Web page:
I practiced my greetings in Guarani several times before approaching Élida Oliveira. Élida, who doesn’t speak Portuguese, had arrived that morning in the town of Amambai, in the state of Mato Grosso do Sul, deep in Brazil’s agricultural heartland and less than an hour’s drive from Paraguay. She was accompanied by officials from Funai, the federal agency responsible for indigenous affairs in Brazil. Élida had traveled there to explain how, three years earlier, local health agents and representatives of the municipal Guardianship Council in the city of Dourados, where she lives, had arrived to remove her newborn child from her custody.

“The child, they took him when he was only 8 days old. She asks that you not take away her children again.”

Two-hundred women listened in silence to Élida’s testimony, given in her native language Guarani, an indigenous language of central South America. A local named Wanda Kuña Rendy had volunteered to translate Élida’s words to Portuguese for the authorities in attendance, but she was only able to get through a few sentences before bursting into tears. “The child, they took him when he was only 8 days old,” Rendy said. “She asks that you not take away her children again.”

Élida smiled when I asked for an interview, but she was hesitant to allow her youngest child to leave her lap as we recorded. As a researcher, I had prepared to attend the sixth annual Kuñangue Aty, a large gathering of women from the Kaiowá and Guarani indigenous communities, to focus on the prayers and songs that marked the nights and days of the meeting, from the initial reception to the final debates. As an ethnographer or a reporter, however, I was compelled to pay attention to the issues afflicting the human beings involved. “Why has the number of indigenous children in institutional care increased so much in the last year?” I wondered. Janete Alegre, organizer of the Amambai meeting, asked, “Is there now a law that says indigenous children must be taken from their indigenous families and given to the whites?”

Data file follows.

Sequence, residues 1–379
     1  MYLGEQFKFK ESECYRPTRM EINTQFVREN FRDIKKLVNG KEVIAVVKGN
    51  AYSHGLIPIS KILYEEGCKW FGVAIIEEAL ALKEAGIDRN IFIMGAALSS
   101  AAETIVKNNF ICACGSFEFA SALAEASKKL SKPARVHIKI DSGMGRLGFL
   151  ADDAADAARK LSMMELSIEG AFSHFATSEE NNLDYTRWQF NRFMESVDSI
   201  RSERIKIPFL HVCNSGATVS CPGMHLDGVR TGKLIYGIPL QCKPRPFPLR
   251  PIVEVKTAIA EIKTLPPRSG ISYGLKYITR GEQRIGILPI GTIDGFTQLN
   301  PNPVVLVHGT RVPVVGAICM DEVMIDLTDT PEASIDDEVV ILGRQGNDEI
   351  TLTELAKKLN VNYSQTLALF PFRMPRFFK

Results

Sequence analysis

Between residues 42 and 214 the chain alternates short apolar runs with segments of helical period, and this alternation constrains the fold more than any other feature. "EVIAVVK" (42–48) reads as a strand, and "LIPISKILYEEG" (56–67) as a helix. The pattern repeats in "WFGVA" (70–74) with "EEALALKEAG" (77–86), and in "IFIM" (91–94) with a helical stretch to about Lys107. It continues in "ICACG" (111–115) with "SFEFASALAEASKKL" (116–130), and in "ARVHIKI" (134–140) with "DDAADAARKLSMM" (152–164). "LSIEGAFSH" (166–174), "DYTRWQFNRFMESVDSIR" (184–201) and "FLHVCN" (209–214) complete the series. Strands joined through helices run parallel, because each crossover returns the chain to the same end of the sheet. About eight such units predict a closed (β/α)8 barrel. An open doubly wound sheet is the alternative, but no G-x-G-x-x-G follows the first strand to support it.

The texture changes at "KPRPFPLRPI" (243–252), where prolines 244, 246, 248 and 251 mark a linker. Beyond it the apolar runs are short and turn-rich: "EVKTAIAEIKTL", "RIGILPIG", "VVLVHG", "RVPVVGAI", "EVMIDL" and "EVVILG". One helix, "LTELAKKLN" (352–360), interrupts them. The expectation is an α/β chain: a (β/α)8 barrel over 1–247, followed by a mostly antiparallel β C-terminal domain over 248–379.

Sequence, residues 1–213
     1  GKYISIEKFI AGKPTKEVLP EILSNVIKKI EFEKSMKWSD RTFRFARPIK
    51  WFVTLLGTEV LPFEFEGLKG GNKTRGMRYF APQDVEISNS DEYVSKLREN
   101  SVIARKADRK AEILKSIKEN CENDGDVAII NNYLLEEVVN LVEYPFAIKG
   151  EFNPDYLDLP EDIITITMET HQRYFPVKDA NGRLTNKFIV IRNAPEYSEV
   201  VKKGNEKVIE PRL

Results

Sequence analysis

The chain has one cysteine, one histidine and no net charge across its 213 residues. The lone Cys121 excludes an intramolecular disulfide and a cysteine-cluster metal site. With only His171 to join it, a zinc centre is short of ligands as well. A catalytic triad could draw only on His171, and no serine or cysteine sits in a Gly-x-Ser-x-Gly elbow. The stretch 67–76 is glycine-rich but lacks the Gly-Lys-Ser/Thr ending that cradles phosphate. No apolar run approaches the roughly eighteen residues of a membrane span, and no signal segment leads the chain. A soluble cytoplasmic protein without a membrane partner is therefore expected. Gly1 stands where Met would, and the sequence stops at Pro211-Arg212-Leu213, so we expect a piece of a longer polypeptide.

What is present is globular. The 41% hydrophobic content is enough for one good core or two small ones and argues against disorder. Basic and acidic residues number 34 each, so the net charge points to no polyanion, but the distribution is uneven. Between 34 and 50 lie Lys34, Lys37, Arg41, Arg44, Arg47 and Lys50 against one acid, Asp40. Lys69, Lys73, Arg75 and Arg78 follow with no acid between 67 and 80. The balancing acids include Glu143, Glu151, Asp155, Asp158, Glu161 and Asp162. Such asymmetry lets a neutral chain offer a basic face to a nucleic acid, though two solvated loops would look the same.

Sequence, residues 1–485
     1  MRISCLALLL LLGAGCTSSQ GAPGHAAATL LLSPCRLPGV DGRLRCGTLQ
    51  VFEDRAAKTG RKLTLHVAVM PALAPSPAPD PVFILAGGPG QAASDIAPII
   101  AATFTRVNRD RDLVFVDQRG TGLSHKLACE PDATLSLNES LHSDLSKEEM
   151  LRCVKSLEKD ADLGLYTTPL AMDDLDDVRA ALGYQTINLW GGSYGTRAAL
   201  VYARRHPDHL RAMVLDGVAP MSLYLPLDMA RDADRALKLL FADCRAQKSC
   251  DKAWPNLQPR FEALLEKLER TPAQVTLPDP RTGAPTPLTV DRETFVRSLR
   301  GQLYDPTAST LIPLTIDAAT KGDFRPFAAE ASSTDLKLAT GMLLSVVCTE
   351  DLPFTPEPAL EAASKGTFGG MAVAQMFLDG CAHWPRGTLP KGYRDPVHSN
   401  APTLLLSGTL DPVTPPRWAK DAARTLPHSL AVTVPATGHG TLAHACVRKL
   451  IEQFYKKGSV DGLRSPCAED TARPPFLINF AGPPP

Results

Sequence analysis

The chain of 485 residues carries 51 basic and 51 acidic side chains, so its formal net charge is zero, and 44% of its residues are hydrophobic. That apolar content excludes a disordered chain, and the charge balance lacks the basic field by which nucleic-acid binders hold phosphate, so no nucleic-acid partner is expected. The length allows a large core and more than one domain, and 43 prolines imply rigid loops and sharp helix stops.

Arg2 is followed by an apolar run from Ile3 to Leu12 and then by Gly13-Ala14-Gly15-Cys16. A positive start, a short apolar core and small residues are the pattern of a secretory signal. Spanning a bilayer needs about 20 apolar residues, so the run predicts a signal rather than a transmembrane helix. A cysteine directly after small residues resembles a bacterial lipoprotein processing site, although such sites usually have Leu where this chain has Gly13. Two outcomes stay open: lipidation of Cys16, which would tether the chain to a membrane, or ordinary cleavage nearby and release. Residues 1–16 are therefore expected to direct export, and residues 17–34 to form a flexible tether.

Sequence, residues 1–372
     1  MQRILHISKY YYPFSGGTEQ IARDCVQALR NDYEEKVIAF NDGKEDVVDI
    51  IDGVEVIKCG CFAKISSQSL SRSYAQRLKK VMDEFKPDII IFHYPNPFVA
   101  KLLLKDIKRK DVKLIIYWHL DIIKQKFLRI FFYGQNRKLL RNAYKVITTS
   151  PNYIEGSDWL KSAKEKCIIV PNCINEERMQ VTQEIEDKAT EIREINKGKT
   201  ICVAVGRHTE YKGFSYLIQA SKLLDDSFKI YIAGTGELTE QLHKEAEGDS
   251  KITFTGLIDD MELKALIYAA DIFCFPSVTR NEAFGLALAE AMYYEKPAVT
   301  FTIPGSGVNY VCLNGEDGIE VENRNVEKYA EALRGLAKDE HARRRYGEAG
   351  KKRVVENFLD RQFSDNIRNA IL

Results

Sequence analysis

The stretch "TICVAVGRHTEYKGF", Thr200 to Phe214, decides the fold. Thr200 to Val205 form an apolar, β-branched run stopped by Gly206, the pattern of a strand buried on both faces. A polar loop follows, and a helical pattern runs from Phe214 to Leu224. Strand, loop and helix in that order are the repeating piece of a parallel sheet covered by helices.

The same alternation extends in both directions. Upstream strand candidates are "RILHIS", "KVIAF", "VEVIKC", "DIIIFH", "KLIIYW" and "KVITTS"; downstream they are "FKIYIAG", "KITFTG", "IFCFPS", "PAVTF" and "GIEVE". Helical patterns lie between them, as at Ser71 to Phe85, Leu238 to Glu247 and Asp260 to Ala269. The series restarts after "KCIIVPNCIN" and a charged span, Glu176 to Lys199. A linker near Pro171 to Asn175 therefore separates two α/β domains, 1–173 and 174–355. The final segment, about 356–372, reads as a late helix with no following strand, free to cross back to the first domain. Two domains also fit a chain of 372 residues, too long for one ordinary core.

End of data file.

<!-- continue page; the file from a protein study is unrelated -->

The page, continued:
In the sprawling municipality of Dourados alone — with a population of some 200,000 people in an area twice the size of Los Angeles — 50 indigenous children were living in shelters at the end of 2017, according to a study by the Funai Regional Office. By July 2018, 34 remained separated from their families. I discovered the stories of Élida and other mothers in Dourados are just the tip of the iceberg. Uncountable communities suffer from the complex problems associated with the state taking indigenous children from their families. There are indications of even more serious irregularities in the processes where the children are taken, which have been monitored since 2010 by Funai, the Public Defender’s Office, and the Federal Public Ministry.

“The institution says that she is poor, that she lives in an unauthorized occupation,” shouts Jaqueline Gonçalves, a young member of the Kaiowá leadership. “Institutions need to respect us. This is the genocide of indigenous peoples!” Her words invoked the violence inflicted upon the Kaiowá and Guarani peoples in Brazil since the beginning of the 20th century. The local family court alleges mistreatment and neglect, as well as drug and alcohol problems, to justify the separation of children from their mothers.

“They claim that our children are dirty. But of course! We live off the land and cook over open fires,” a group of women wrote in a letter signed by participants of the Amambai meeting. Demanding that alternatives be found within the villages themselves, as mandated by the federal Statute for Children and Adolescents, these women want to have the right to follow the traditions of child care passed down from their ancestors. You should eat food from your place of origin and sing to newborn babies, they said.